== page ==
Section 10A of the Matrimonial Causes Act 1973 was introduced to provide assistance to individuals who although divorced in English Law, are unable to remarry in accordance with their religious laws because the other party will not cooperate in obtaining a divorce in accordance with the usages of that religious law. For example where a Jewish husband refuses to provide what is known as a Get (Jewish Divorce) or a Muslim husband refuses to adhere to the pronouncement of Talaq (Islamic Divorce).
The English Civil Courts acknowledge the religious and cultural background of the parties in dispute, such that the Divorce (Religious Marriages) Act 2002 enables the courts to refuse to make a decree of divorce absolute unless a declaration is made by both parties confirming that the relevant steps in respect of the religious aspects of the divorce have been taken.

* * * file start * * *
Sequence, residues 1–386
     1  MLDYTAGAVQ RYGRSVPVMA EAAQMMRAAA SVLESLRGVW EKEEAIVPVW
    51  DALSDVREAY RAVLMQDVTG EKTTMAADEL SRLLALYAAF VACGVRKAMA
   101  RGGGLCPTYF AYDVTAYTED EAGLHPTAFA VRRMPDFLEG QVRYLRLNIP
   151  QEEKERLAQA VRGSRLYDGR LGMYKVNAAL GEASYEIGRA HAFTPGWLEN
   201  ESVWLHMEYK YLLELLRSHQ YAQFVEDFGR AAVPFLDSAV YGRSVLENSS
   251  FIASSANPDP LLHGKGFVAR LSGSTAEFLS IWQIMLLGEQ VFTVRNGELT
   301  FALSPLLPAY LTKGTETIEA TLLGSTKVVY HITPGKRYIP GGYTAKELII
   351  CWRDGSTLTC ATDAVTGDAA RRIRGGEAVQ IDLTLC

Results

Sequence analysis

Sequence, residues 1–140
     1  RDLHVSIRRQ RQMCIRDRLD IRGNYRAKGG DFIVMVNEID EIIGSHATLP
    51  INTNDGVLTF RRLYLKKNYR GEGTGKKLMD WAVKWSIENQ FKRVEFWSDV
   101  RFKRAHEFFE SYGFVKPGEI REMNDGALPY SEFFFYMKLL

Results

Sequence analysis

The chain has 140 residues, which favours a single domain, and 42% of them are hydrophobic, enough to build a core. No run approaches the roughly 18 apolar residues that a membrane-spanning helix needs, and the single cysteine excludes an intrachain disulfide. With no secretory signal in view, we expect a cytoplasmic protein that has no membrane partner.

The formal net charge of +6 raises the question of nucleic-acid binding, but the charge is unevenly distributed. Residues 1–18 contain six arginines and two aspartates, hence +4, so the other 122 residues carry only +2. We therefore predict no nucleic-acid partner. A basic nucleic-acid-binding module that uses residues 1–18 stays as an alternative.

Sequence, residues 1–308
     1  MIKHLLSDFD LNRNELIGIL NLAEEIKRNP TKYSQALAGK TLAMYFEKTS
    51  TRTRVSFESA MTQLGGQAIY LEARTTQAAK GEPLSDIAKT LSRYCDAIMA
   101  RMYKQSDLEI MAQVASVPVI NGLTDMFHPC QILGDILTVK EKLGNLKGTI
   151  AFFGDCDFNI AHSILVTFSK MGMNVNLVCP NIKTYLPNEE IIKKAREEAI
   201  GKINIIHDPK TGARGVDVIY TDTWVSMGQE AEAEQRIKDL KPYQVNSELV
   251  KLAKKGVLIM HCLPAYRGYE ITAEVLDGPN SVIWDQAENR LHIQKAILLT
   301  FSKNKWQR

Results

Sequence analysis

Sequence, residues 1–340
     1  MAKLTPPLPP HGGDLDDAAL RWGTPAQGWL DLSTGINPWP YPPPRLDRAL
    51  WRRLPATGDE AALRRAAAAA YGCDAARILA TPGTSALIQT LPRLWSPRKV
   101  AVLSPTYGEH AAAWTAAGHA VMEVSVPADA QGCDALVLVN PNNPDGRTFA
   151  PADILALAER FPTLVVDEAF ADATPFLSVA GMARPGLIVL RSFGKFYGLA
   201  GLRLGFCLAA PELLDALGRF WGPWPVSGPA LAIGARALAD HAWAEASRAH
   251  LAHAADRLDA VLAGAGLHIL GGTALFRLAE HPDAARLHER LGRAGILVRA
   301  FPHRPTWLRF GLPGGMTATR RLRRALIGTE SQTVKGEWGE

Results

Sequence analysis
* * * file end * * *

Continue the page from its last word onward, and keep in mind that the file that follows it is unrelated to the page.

The case of Re AI and MT  EWHC 100 (Fam) highlighted the courts approach to these kinds of cases. Here, we see the importance of the role played by the Beth Din within Jewish Family law when the English Court stayed proceedings in the UK to allow a couple to go through arbitration in the religious courts. Once agreement had been reached through the Beth Din arbitration, the High Court approved the agreement reached.
At Goodman Ray, we understand that there may be serious religious ramifications if the correct religious steps are not taken in relation to divorce. We therefore make it a concern to consider the role that religion and culture may play in obtaining a divorce.
Novlet Levy (Trainee Solicitor)